Put me on trial, Italy’s Salvini says in migrant boat case

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Leader of Italy’s far-right League party Matteo Salvini takes a picture during a rally ahead of regional election in Emilia-Romagna, in Maranello, Italy, January 18, 2020. The writing on the phone reads: ‘I am with Salvini’. REUTERS/Guglielmo Mangiapane/File Photo

MILAN (Reuters) – The leader of Italy’s right-wing League party, Matteo Salvini, has defiantly asked to be put on trial over his handling of migrants at sea last year when he was interior minister in the previous government.

Salvini has denounced moves to put him on trial over the incident last July in which he refused to let 131 migrants rescued at sea disembark from a coastguard vessel until other European states agreed to take them in.

A special Senate committee is due to vote on Monday on whether to accept a request by a special tribunal to put him on trial, a step that is required by law in cases involving former ministers.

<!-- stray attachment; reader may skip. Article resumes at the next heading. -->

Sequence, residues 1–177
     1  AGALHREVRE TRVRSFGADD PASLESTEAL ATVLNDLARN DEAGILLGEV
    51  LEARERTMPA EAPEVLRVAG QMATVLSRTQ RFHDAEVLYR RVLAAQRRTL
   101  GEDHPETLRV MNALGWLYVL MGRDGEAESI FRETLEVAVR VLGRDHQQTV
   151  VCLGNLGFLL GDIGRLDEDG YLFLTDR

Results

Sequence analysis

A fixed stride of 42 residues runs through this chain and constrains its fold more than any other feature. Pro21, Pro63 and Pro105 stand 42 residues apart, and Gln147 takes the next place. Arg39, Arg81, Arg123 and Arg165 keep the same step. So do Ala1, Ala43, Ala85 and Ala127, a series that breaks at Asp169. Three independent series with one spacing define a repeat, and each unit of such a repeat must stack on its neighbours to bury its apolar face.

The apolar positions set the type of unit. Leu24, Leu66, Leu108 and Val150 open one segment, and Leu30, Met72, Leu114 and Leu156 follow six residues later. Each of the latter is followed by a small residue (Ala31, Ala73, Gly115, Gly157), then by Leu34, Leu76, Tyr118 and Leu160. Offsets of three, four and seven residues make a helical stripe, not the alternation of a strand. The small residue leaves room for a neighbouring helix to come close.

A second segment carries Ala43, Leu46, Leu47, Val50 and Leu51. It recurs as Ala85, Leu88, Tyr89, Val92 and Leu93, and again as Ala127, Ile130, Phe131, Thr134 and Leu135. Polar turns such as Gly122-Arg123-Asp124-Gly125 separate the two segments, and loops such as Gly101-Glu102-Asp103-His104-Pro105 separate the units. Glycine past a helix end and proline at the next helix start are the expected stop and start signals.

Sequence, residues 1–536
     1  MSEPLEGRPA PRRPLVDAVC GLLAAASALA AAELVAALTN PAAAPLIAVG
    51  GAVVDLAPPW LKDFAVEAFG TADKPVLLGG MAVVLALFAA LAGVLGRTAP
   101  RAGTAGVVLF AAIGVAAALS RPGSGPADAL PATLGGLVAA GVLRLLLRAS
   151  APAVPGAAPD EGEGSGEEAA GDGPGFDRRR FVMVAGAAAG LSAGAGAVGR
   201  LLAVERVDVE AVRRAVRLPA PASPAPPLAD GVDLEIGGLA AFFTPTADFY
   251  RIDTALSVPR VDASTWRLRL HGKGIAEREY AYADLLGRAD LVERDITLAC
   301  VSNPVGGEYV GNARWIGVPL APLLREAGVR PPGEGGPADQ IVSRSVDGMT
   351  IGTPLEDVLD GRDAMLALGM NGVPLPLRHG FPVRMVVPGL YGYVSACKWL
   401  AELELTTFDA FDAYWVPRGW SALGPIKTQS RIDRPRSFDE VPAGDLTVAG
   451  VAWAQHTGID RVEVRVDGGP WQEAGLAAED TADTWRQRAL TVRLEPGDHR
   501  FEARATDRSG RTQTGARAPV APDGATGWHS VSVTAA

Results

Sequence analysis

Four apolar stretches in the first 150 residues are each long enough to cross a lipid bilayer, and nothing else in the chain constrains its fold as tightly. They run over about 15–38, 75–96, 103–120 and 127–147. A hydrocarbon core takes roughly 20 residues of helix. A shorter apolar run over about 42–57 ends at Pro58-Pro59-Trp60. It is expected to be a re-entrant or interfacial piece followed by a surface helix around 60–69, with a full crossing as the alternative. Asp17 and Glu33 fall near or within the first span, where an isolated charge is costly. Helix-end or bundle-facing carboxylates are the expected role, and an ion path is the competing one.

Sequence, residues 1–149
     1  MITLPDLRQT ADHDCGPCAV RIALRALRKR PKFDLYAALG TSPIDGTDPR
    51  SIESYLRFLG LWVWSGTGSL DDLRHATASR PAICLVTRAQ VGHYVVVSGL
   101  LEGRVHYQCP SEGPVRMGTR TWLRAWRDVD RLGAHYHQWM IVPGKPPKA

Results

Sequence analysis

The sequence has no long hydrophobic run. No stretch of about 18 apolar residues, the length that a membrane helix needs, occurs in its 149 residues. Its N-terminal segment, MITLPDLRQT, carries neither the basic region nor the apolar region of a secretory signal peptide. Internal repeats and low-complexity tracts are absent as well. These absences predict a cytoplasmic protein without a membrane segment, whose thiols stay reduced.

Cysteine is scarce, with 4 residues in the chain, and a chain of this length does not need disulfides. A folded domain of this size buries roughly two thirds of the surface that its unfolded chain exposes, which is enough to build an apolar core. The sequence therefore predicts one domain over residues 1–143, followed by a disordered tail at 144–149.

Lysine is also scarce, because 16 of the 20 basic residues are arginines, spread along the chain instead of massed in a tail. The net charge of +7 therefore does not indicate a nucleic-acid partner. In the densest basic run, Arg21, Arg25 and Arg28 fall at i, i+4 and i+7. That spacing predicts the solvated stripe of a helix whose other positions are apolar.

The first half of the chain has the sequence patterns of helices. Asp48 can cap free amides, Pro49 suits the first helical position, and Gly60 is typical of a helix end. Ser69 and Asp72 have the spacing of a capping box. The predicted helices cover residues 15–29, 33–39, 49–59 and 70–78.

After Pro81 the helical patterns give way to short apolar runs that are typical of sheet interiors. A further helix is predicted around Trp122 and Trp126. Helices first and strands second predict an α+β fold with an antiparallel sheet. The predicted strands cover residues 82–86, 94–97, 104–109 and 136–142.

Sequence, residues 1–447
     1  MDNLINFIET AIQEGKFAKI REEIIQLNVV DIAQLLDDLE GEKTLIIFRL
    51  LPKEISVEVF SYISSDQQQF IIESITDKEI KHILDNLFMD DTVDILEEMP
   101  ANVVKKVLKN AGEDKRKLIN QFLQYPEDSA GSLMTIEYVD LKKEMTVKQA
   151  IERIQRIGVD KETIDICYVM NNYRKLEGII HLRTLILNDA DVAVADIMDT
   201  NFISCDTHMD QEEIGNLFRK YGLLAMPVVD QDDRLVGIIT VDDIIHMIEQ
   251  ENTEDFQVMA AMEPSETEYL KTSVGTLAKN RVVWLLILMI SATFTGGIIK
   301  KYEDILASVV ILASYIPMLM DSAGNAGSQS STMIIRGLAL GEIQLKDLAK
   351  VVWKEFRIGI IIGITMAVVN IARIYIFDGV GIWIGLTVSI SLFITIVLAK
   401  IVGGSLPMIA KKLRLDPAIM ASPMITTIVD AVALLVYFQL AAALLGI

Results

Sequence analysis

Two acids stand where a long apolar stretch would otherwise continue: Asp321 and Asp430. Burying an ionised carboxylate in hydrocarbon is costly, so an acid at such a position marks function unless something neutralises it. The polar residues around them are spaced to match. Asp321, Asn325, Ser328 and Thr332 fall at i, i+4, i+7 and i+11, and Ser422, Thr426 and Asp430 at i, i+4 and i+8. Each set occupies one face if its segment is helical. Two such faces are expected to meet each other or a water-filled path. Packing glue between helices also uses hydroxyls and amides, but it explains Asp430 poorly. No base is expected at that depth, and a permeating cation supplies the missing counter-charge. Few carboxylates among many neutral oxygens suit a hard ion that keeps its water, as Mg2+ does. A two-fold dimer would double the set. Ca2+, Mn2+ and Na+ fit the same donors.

Campaigning ahead of a vital election in the north-central region of Emilia Romagna, he has used the incident to attack judges and the ruling coalition, saying he is being targeted for doing his duty as a minister to protect the country.

“I say this to those senators who have to decide whether to send me to trial or not, I ask you formally, send me to trial, send me to trial because the Italian people will be on trial with me,” he told a rally in the town of Maranello.

“And if I have to go to jail for defending an idea, I’ll go with my head held high.”

If Salvini does go to trial and is found guilty of illegally detaining the migrants, he could theoretically face up to 15 years in jail although that would only come at the end of a long appeals process.

Salvini, who quit the government with the League last year, had pledged to stop migrant boats arriving from Libya by making it more difficult for them to dock in Italian ports.

The League, which has a strong lead in national opinion polls, is hoping victory in Emilia Romagna, a traditional stronghold of the left in Italy, will bring down the government in Rome and trigger new elections.

Reporting by James Mackenzie; Editing by Nick Macfie

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